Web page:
The purpose of this paper is to analyse how predatory journals use spam emails to manipulate potential authors. This has been done based on McCornack’s information manipulation theory (IMT). Generally, predatory publishing is on the increase globally but more pronounced in developing countries. Although it affects both young and seasoned scholars, inexperienced scholars and those ignorant on credible publishing are the most affected.
The current study through document analysis focuses on email invites from predatory journals sent to the author between June 2016 and December 2018 after publishing a peer-reviewed journal article. The resultant texts were analysed using a directed qualitative content analysis.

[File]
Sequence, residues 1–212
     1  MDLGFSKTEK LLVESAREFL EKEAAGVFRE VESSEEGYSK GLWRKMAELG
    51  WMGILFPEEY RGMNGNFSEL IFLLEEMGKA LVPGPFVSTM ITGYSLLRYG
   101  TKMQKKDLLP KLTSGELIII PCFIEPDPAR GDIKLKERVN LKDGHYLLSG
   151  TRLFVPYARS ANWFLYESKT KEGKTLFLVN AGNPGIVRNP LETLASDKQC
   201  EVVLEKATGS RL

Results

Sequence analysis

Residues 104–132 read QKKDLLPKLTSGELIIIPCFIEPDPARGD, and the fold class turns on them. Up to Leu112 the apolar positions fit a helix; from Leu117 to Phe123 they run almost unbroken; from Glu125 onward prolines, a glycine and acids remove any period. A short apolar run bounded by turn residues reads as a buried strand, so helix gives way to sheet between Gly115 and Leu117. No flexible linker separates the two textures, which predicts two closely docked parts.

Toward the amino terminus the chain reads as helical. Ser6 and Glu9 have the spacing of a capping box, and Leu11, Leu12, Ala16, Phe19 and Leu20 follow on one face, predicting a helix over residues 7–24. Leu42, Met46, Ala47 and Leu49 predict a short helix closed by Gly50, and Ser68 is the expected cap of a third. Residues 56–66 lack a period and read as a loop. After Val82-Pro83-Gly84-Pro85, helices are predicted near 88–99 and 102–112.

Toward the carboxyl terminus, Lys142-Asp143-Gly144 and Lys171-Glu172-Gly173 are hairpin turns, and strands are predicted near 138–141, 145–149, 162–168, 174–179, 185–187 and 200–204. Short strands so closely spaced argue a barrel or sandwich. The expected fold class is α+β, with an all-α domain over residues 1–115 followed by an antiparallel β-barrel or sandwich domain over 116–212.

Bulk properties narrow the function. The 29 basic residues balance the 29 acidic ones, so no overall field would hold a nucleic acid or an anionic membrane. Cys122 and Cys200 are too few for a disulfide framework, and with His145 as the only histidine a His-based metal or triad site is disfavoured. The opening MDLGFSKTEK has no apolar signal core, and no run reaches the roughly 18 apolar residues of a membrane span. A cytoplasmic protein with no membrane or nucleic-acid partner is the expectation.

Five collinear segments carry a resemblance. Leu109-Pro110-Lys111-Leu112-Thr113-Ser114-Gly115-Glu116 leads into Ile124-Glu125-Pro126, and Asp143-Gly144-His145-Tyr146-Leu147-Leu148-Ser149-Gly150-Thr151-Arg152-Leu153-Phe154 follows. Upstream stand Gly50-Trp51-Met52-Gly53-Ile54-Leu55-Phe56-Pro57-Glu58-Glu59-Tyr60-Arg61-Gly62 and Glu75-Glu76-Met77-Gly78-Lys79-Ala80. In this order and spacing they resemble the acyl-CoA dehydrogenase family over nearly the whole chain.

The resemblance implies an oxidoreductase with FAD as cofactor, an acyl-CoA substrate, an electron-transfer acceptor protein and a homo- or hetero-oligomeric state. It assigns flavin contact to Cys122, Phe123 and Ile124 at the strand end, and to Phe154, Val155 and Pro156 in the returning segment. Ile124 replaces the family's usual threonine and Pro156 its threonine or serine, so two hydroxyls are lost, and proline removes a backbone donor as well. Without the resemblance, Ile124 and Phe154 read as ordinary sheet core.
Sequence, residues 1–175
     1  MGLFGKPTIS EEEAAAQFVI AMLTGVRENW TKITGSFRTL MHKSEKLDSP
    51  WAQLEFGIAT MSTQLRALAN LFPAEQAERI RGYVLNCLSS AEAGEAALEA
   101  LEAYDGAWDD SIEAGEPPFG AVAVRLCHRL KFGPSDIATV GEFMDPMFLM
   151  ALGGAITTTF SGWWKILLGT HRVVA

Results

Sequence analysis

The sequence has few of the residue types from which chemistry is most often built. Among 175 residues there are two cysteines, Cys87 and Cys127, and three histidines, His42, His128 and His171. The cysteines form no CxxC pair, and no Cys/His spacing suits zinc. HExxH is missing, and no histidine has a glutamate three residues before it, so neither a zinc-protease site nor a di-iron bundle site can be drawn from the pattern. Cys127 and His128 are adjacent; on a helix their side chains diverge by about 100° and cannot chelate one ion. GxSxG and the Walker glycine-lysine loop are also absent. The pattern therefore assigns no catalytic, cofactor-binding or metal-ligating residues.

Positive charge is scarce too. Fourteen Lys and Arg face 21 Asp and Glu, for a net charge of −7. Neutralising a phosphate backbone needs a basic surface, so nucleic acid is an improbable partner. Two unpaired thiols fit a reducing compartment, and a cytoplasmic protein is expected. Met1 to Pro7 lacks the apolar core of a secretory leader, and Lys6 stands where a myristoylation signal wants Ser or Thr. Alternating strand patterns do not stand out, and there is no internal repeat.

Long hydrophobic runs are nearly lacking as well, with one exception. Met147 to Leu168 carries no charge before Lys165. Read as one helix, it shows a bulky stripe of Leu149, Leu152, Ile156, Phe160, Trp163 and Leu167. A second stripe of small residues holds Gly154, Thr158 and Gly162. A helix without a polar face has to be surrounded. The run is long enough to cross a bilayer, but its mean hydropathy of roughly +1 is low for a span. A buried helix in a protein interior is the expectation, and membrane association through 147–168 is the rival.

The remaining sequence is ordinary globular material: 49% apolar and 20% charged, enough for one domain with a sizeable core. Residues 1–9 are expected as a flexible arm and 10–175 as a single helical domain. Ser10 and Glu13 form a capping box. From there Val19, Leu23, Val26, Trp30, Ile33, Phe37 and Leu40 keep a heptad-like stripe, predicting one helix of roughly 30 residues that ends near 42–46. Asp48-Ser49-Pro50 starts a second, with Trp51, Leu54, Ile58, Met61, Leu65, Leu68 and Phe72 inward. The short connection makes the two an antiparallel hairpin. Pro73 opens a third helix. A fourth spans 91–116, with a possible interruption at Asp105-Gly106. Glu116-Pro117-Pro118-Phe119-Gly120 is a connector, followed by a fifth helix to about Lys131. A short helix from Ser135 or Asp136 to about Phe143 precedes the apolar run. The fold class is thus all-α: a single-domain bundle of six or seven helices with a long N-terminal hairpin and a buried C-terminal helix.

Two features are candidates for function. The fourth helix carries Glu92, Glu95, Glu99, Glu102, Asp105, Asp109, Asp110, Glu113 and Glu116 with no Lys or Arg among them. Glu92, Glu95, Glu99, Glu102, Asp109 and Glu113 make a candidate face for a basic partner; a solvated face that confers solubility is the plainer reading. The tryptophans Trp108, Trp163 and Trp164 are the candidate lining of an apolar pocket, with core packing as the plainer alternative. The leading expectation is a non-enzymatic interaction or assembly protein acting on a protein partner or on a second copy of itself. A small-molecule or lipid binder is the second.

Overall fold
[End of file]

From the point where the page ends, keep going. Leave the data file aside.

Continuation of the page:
Findings indicate that the invites flouted all the four Gricean maxims (of quality, quantity, manner and relevance) as posited by IMT. This suggests that the spam mails sent to the author sought to manipulate potential authors to publish with predatory journals.
This qualitative study focuses on email invites to the author which may not fully capture the manipulation by predatory journals.
It is important that scholars in developing contexts are aware of how predatory publishers seek to manipulate their victims. Universities and research institutions should be intentional in enlightening their academic staff on predatory journals and their characteristics. Similarly, universities should consider disincentivising their faculty members who publish in such platforms.
The originality in this study lies in its use of IMT to explain how predatory journals manipulate potentials authors.
Bett, H. (2020), "Predatory publishing through McCornarck’s information manipulation theory", Global Knowledge, Memory and Communication, Vol. ahead-of-print No. ahead-of-print. https://doi.org/10.1108/GKMC-07-2019-0078Download as .RIS
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